9 But the wise answered, saying, Not so; lest there be not enough for us and you: but go ye rather to them that sell, and buy for yourselves.

    10 And while they went to buy, the bridegroom came; and they that were ready went in with him to the marriage: and the door was shut.

    11 Afterward came also the other virgins, saying, Lord, Lord, open to us.

    12 But he answered and said, Verily I say unto you, I know you not.

    13 Watch therefore, for ye know neither the day nor the hour wherein the Son of man cometh.

    Matthew 25: 1 – 13

    Comment by scott (b8618e) — 11/8/2012 @ 3:37 pm

  106. That won’t happen so long as Barack Obama is president. It’s economic suicide, and he at least knows that.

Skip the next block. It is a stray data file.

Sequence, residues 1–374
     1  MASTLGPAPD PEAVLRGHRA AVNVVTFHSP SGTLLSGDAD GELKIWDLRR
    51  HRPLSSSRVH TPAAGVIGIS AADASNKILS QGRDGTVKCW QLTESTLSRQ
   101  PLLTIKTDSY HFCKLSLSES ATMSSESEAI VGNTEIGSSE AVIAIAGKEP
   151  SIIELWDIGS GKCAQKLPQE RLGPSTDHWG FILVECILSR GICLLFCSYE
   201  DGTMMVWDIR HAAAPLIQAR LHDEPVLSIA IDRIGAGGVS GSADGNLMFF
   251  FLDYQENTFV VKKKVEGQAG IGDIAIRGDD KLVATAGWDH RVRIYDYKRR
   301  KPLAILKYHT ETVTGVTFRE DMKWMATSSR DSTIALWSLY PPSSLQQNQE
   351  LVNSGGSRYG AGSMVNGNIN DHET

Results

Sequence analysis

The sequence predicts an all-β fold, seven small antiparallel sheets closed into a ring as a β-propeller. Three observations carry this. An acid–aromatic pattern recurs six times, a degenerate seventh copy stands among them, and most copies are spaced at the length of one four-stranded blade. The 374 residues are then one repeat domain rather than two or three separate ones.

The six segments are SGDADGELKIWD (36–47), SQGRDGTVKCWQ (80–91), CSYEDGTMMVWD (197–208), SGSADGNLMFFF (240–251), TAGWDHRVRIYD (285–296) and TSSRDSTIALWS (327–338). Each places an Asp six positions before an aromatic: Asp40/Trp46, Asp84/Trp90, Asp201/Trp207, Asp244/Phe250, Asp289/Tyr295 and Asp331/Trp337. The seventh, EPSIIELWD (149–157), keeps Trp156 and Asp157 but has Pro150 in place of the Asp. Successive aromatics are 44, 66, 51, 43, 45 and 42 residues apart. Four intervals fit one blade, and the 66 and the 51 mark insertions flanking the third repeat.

Comment by Sammy Finkelman — 11/8/2012 @ 3:35 pm

    Right, Sammy, the President can set interest rates “with a stroke of the pen” … not.

    Comment by SPQR (768505) — 11/8/2012 @ 3:40 pm

  107. SF, the market determines what interest rates are, not King Canute the President.

    Comment by AD-Restore the Republic/Obama Sucks! (b8ab92) — 11/8/2012 @ 3:47 pm

  108. “That [interest rates going back up] won’t happen so long as Barack Obama is president. It’s economic suicide, and he at least knows that.”

    Comment by SPQR — 11/8/2012 @ 3:40 pm

    Right, Sammy, the President can set interest rates “with a stroke of the pen” … not.

    He can’t, but Ben Bernanke can, at least so long as he gets the votes on teh open market Committee.

    And while bernanke may quit, Obama will not appoint an “inflation hawk” to the Federal Reserve Board.

    It’s whenever the low interest rate policy stops that we get into trouble.